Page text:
“Advocates in India and many others in these developing markets are pushing for the conversation of the quality of the Internet be considered,” said Nanjira Sambuli, research lead at Nairobi’s the iHub, one of Kenya’s leading tech incubators, in a Quartz interview. “Else, we risk having a connected world, but with tiered access.”
Responding to the TRAI decision, Facebook CEO Mark Zuckerberg said Free Basics brought 19 million people online that did not have access to the Internet before. A Facebook spokeswoman said TRAI’s ban refers to differential pricing, not specifically to Free Basics, implying that the project could return there with some adjustments.
“While disappointed with the outcome, we will continue our efforts to eliminate barriers and give the unconnected an easier path to the Internet and the opportunities it brings,” she said.
Reaction to Andreessen’s tweet goes to heart of trust — a perennial problem for Facebook, according to BBC.
In the developing world this suspicion is more fraught.
Lefang wants African regulators to ban Internet.org in Africa as well. “Our regulators should review the program and come up with a framework that allows our people to get access to all the Internet at an affordable cost,” he told Quartz. “Net neutrality is about accessing all the Internet, not free restricted Internet.”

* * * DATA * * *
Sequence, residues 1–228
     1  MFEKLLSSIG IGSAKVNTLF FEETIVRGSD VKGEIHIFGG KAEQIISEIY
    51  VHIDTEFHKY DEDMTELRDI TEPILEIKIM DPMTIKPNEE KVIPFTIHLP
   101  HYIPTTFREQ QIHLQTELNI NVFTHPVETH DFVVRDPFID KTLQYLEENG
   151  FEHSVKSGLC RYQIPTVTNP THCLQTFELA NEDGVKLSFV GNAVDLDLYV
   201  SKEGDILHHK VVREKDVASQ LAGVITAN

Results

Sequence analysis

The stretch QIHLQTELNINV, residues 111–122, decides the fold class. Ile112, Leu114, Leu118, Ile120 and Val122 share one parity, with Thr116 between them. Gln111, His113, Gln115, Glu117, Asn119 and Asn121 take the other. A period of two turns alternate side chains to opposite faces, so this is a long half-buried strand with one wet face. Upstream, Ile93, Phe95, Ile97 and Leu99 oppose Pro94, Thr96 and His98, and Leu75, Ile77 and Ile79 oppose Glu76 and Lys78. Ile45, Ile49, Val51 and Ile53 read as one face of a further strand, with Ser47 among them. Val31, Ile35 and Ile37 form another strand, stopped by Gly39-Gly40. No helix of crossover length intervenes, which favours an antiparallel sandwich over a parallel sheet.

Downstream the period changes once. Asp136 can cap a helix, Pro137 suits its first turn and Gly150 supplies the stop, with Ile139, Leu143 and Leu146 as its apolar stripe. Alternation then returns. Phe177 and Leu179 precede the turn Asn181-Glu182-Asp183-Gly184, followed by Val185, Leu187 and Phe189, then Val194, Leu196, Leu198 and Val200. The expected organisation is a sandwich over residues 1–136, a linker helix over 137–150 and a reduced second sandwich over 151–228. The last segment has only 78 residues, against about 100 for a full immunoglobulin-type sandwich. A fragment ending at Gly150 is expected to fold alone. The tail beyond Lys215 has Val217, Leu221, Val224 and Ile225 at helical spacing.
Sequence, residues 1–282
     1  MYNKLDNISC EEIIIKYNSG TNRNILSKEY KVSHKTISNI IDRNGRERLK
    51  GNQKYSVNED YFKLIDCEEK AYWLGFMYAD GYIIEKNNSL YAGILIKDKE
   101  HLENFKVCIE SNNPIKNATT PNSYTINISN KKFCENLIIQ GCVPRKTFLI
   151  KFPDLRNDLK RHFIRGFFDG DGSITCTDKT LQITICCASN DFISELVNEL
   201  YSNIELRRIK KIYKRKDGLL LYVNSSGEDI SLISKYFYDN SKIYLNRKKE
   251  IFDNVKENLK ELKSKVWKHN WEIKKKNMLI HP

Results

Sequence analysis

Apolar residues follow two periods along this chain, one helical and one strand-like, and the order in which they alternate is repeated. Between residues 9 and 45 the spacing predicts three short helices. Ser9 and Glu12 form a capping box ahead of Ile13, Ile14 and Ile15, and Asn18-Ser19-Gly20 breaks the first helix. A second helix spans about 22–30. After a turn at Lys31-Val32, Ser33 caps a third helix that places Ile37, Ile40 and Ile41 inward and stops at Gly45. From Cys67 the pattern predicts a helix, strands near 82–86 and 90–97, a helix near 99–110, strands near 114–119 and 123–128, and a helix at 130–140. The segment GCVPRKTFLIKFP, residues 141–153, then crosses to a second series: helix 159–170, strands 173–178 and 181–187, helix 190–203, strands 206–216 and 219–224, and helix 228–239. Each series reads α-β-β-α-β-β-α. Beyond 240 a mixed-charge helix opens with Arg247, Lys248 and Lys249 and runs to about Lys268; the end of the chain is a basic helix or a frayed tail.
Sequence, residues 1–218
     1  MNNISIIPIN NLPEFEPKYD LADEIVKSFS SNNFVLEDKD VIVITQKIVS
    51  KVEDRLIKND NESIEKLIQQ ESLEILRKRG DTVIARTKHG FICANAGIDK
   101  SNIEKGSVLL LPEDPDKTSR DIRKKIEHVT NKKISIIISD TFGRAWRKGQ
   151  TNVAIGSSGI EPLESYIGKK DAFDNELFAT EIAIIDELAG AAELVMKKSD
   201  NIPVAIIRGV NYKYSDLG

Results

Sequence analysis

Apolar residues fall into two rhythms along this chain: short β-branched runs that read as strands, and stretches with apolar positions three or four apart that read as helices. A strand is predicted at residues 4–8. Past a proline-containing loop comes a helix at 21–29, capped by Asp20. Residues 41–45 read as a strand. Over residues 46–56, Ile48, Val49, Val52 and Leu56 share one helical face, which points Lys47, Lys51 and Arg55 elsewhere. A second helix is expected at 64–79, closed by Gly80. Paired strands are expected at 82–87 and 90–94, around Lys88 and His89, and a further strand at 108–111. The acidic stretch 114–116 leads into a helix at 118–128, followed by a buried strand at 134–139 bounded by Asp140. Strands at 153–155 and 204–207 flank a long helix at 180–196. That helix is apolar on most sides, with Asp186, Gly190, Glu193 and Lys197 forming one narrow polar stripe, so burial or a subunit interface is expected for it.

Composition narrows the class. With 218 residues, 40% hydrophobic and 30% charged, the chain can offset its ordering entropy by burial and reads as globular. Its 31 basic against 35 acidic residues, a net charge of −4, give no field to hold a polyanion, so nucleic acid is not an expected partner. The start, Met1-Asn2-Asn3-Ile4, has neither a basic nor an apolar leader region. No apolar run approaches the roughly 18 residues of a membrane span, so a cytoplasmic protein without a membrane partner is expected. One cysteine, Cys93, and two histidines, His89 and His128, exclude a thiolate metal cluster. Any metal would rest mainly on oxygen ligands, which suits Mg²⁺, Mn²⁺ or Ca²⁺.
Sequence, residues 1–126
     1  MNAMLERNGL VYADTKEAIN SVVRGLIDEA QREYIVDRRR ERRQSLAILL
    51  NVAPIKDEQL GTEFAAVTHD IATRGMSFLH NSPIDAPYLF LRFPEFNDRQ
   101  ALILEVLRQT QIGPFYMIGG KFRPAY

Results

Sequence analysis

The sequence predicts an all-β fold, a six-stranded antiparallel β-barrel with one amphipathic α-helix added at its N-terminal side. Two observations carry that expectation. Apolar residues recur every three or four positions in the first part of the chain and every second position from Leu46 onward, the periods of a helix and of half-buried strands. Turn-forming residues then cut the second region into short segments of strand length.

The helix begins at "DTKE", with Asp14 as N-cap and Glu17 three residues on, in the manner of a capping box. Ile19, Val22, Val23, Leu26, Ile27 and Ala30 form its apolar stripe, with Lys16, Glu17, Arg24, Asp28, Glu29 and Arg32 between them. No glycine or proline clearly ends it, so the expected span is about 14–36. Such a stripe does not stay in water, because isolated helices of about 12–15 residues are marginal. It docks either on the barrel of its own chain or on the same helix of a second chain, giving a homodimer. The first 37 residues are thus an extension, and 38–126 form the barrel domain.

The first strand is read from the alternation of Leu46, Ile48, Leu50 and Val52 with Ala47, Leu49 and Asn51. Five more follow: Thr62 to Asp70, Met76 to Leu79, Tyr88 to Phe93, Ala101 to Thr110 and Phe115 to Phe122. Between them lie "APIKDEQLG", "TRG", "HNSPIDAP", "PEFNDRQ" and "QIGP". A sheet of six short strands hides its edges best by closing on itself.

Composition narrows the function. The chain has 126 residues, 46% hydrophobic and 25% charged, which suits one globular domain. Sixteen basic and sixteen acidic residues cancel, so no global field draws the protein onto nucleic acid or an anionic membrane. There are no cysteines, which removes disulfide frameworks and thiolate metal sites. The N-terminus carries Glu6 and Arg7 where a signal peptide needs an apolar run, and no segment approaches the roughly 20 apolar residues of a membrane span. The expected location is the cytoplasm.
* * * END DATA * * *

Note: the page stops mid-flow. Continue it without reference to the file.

Some progressive and ambitious African governments like Rwanda see the Internet as a way to accelerate development, according to Quartz.
In Tanzania, providing access to the Internet is more important right now than concerns over net neutrality, said the country’s regulator, Tanzania Communications Regulatory Authority (TCRA). Internet penetration is at 5 percent in East Africa’s second largest economy.
Facebook wants to bring Internet connectivity to hard-to-reach parts of Africa, BBCreported.
In centuries gone by, colonialism was about exploitation of resources. In the modern world, it’s digital – moving in, setting up companies and building insurmountable user bases before any other company can.
That’s arguably an extreme interpretation of the purpose of Free Basics – but it’s the argument made by local businesses to India’s telecoms regulator.
An Indian social network wouldn’t stand a chance against free Facebook, they said, and websites that are not part of the Free Basics scheme would lose out. The regulator agreed when it ruled in favour of net neutrality.
As did many Western onlookers. The Electronic Frontier Foundation, which campaigns for an open internet, said Facebook was doing what it could to open up the Free Basics scheme to local companies, the inherent flaw of the programme was that Facebook remained the sole gatekeeper.
India-based Tech2, a tech news website, reached out to Twitter users to see how people feel about India’s move.
It received almost 400 votes in the first hour of the poll: 82 percent of respondents said it was time Facebook wound up Free Basics; about 18 percent of the votes said Free Basics by Facebook should get a second chance in India.